Syrian rebels have been forced to agree to a 10-day cease-fire in a neighborhood within the central city of Homs that has become their last bastion there after two years of siege.
The rebels accepted the truce with forces loyal to President Bashar Assad to avert the devastation rained on the Old City of Homs last year, activists said. The cease-fire went into effect Thursday.
Elsewhere in Syria, two Italian aid workers abducted by an Islamist group last year were released Thursday, according to the Italian government.
Rebels abandoned Old Homs in the spring of 2014 after a punishing offensive, but those holding the populous Waer neighborhood refused to withdraw and cede the suburb beyond the Orontes River to the government, despite a blockade that cut off food and threatened to destroy homes and businesses.
Human Rights Watch warned last month, after contact with several residents of Waer, that government forces had escalated their offensive "with devastating consequences for the civilian population."
It was unclear whether the holdouts' submission to a new cease-fire would lead to Assad's troops moving in and taking control. But the rebels have been under intensifying pressure as they are caught between the government forces to the south and west and Islamic extremist fighters who have seized the northeastern third of Syria's territory and proclaimed it part of a transnational Muslim caliphate.
Syrian opposition forces rose up against Assad four years ago, as the Arab Spring democracy movements swept the Middle East. But the government, allied with Russia and Iran, fought the moderate, Western-backed rebel factions to a standstill after a year. Assad's advances have been curbed in more recent years, in part by the influx of foreign extremists fighting for the caliphate declared by the Islamic State militant group, as well as by territorial seizures by the Nusra Front.
U.N. aid and human rights groups estimate that 220,000 people have been killed in the civil war. Millions made homeless by the fighting have fled into foreign exile or been internally displaced.
The Waer cease-fire appeared to be honored by all sides on its first day, allowing for the delivery of food and other aid for the first time since November, said Yacoub Hillo, United Nations resident coordinator for the area.
Two other aid convoys are planned in the next few days, each carrying supplies for 20,000 people, Hillo said.
"It is supposed to be three deliveries to 20,000 people per delivery. That should serve for one month for the Waer area," he said of the last rebel-held Homs suburb, which was home to 350,000 before the war. "I'm sure the needs are greater, but this is a good step in the right direction."
Baher Kayyal, head of Syrian Red Crescent, said the group had obtained government permission to begin delivering the food baskets and was at work getting the relief supplies to those residents still holding out in Waer.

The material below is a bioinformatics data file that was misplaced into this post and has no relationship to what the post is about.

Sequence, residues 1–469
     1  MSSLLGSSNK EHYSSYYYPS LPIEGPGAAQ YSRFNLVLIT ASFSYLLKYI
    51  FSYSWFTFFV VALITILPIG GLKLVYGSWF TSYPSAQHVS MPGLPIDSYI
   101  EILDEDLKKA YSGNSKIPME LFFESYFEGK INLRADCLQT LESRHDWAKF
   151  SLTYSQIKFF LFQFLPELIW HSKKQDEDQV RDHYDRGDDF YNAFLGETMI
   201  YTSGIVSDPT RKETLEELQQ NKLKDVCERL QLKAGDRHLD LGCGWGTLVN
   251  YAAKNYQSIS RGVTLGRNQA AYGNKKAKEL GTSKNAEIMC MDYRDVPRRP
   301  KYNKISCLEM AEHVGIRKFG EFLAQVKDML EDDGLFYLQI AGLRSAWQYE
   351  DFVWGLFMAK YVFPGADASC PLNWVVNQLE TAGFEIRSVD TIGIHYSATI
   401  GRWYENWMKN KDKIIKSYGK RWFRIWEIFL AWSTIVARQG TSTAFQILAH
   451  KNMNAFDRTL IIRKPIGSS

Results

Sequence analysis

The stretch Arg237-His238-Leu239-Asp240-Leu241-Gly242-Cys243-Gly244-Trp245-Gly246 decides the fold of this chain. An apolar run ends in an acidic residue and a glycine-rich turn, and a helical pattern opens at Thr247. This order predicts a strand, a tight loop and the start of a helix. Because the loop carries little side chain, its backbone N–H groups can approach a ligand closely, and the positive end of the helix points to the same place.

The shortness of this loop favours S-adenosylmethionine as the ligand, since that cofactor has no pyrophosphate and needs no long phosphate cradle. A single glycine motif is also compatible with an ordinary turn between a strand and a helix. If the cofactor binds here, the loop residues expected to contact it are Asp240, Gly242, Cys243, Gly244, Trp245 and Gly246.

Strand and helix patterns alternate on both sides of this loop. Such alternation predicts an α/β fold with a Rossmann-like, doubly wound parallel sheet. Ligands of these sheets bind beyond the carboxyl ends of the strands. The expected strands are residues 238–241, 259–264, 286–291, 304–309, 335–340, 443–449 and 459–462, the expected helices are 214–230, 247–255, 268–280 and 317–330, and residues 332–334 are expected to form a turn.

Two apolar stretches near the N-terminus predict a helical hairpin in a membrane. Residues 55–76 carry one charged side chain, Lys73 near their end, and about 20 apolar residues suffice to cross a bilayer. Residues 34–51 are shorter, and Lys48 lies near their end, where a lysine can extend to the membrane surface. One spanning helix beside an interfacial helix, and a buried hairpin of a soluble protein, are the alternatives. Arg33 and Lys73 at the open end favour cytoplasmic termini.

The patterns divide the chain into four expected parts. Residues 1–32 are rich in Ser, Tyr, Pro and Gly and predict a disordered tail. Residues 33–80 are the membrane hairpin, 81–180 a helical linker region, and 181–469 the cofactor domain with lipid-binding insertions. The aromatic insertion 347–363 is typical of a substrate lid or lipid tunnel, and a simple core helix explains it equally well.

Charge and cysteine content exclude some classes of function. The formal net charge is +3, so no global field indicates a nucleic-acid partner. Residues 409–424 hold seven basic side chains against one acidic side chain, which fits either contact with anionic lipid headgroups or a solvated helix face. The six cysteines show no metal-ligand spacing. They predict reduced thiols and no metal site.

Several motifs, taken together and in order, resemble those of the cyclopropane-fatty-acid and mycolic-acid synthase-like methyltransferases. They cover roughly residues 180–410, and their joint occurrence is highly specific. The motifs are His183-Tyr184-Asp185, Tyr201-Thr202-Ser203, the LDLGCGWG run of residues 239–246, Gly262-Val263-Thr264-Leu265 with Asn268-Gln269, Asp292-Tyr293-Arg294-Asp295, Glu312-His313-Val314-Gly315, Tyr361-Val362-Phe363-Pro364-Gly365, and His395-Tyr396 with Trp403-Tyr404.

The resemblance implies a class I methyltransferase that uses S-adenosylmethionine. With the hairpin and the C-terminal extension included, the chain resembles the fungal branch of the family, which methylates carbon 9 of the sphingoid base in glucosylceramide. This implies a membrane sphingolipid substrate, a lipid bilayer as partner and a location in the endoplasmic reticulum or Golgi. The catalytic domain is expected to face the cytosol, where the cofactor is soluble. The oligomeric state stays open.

The truce resulted from a meeting of two factions from the Waer area with a government delegation that agreed to the halt in hostilities "as a sign of good intent," said the opposition watchdog network Syrian Observatory for Human Rights.
The British-based rebel supporters said they nonetheless remain opposed to taking part in a Jan. 26 meeting in Moscow organized by the Kremlin as an attempt at negotiating an end to the conflict.
Assad has agreed that his government will participate, but he said in an interview with the Czech newspaper Literarni Noviny published Thursday that he was "realistic" about the meeting's prospects for making progress in the bitter conflict.
The release of the two aid workers was announced on the Twitter account of the Italian prime minister's office, which promised that they would "return soon to Italy."
Gretta Ramelli, 21, and Vanessa Marzullo, 20, were believed to have been kidnapped by the Al Qaeda-affiliated Al Nusra Front in the northern Syrian province of Aleppo last summer. The area, along with other provinces along the Turkish-Syrian border, is under the control of armed rebel factions opposed to Assad.
A video released last month purported to show the two, clad in black Islamic garb, pleading for the Italian government to bring them home.
Kidnappings in opposition-controlled areas have become commonplace as the civil war engulfing Syria approaches its fifth year. Although rebels initially welcomed foreigners, many groups began to kidnap foreign aid workers and journalists for ransom payments that reportedly have reaped tens of millions of dollars for factions such as Al Nusra Front and Islamic State.
The Italian government did not elaborate on the circumstances surrounding the two's release. European countries have reportedly paid ransoms, or allowed private individuals to do so, for the release of their citizens.